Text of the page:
Michael Gottheil, Executive Chair - Social Justice Tribunals Ontario
Toronto, Ontario, November 2015
In my work in the justice sector, most of the people I meet are committed to fostering inclusive workplaces and communities.
You probably are too.
But let me ask these questions:
Why do we care? There are a host of reasons: legal, economic, strategic, as well as political, cultural, ethical and possibly spiritual. We know that inclusion delivers tangible social and economic benefits.
So now let’s reflect on those other, more difficult questions about inclusion. What do we mean by inclusion and how do we create an inclusive community?
In the field of disability rights, we talk a lot about the need for inclusion. We pass laws like the AODA (Accessibility for Ontarians with Disabilities Act) and the Human Rights Code, to remove barriers and make our communities more accessible. But if we respect the Code and implement those standards, will our workplaces and enterprises be transformed into inclusive places? Is an accessible, barrier-free space the same as an inclusive one?
As a person who is visually impaired, I’d like to offer a few reflections on this question based on my own experiences.
I see myself as a pretty confident person, accomplished in my field and personal life. And yet I sometimes find myself in professional or social situations feeling inadequate, lonely, or even helpless because of my disability.
For example, if I am at a large meeting and there are no introductions, I will not know who is present and who is speaking. If the meeting turns into a free-for-all, without any order, then I am really lost. Not knowing when to speak up, I feel awkward and anxious, I will worry that I may interrupt or speak at an inappropriate moment. Or I may not speak at all.
I often think about how difficult this type of situation must be for others - people with communication disabilities, or who are shy or pensive. People who come from cultures which have different norms about when to speak or believe that it is rude to interrupt. And I think about all of us missing out on their stories, views and insights, which remain unspoken and unheard.
Receptions are another example of what is meant to be “shared space” but I often feel uncomfortable. I walk into a room full of people, hear people talking, yet I am alone. The bigger the crowd, the more alone I feel. Most people will see someone who they know and say hello, or introduce themselves to someone who they don’t know. For me, I generally wind up introducing myself to the server. I shake their hand, say “Hello, my name is Michael”, and ask how they come to be there. “I am a server, would you like a drink,” they respond politely. “I’ll have three,” I say, thinking I might wash away my embarrassment and discomfort.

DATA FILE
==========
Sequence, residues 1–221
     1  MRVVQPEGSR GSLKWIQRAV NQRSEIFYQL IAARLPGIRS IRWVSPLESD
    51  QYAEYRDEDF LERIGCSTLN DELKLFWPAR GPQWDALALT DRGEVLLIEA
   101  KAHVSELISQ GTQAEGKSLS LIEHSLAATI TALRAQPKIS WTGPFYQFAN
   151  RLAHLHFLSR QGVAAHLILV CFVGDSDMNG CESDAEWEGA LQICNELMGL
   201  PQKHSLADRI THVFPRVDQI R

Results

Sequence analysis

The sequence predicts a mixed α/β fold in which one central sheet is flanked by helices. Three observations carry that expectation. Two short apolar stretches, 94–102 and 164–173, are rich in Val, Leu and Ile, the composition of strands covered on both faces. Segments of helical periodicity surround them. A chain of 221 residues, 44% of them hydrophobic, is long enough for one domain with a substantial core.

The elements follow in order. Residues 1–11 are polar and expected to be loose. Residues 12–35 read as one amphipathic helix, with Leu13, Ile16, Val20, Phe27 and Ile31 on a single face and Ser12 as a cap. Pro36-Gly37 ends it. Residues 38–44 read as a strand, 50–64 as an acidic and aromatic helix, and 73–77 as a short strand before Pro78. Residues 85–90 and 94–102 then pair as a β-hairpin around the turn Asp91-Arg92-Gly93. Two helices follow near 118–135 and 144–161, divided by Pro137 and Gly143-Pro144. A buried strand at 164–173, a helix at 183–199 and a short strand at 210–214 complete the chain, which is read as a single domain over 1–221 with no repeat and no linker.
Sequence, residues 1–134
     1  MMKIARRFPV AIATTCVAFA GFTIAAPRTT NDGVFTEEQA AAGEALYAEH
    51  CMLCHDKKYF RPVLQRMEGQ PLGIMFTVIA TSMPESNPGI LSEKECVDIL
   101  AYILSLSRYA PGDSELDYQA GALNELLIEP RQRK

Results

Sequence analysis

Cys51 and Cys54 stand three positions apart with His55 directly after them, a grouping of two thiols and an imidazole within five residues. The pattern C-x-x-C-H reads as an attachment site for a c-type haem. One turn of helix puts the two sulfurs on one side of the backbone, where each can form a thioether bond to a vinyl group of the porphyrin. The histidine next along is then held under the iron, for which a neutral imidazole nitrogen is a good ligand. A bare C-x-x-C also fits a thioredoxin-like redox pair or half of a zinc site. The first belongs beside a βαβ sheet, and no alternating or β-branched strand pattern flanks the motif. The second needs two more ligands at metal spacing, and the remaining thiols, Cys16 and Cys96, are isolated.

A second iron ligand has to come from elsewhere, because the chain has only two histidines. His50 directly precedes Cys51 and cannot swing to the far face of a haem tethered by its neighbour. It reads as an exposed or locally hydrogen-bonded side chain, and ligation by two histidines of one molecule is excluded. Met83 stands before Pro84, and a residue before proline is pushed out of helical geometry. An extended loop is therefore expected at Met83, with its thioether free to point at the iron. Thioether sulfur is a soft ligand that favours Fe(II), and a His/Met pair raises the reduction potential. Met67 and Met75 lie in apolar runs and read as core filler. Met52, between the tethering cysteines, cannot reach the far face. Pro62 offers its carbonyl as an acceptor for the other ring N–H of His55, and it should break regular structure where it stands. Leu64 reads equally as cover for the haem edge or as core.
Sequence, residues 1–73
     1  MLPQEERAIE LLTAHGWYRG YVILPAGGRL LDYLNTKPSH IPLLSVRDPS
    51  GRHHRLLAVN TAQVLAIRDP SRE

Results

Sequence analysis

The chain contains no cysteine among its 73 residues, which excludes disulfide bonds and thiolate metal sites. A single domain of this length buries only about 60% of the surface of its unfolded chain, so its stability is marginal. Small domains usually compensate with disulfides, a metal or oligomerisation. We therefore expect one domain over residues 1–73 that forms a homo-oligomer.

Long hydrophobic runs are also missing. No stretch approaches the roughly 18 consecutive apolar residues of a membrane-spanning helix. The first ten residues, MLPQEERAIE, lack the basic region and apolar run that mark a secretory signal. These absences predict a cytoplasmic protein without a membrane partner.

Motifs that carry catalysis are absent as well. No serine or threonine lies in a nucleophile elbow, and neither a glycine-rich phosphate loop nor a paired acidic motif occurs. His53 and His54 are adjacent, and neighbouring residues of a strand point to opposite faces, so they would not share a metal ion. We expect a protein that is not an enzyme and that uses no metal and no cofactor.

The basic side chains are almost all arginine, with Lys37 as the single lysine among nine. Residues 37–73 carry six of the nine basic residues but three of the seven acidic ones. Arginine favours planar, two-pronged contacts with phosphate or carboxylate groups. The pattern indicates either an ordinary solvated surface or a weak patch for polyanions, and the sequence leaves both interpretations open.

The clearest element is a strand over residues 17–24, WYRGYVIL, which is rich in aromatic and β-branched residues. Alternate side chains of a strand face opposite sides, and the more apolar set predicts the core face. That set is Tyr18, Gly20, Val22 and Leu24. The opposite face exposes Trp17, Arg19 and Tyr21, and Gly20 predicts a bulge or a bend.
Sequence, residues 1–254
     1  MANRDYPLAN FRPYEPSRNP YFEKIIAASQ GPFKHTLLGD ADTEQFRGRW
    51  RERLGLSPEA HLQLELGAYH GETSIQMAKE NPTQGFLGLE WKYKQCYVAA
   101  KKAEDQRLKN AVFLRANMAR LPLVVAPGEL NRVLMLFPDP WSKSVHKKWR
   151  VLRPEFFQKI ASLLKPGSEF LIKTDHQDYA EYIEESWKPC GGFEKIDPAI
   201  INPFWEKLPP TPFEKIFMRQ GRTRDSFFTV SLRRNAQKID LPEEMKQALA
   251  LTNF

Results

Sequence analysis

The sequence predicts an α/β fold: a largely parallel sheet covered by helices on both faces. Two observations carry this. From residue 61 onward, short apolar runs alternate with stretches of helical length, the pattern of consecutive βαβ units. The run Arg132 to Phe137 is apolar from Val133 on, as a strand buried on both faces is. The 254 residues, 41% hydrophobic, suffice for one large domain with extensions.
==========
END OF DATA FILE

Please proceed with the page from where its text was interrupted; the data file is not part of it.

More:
I should say that these situations are actually quite rare. I am constantly amazed and heartened by the generosity, thoughtfulness and awareness I find in people, even total strangers.
A few weeks ago, I attended a conference on Aboriginal Peoples and the Law in Saskatoon, Saskatchewan. When I arrived at the hotel, I was helped by the bellhop, a young man named Landon. I was pleased that he knew the exact protocol to help a visually impaired person. He was extremely helpful and patient. Throughout my stay, he and the other staff always took the time to say hello and ask if they could help. Not only was the service accessible, but they made me feel welcome. It was truly an inclusive experience. That feeling of being connected is special. It makes you comfortable and frees you to participate without constantly thinking about whether you fit in.
The keynote address at that conference was presented by the Chief Justice of Canada, the Honourable Beverley McLachlin. Speaking about the crisis in access to justice, she referenced four types of barriers: procedural, economic, informational and cultural.
It struck me that those categories also apply to barriers to access for people with disabilities – within the justice system, but also in access to employment, services and education. Procedural and informational barriers (along with physical barriers in built environments), are the ones we most commonly think about, and ones the legislation seems designed to address.
But the economic and cultural barriers to inclusion are no less important.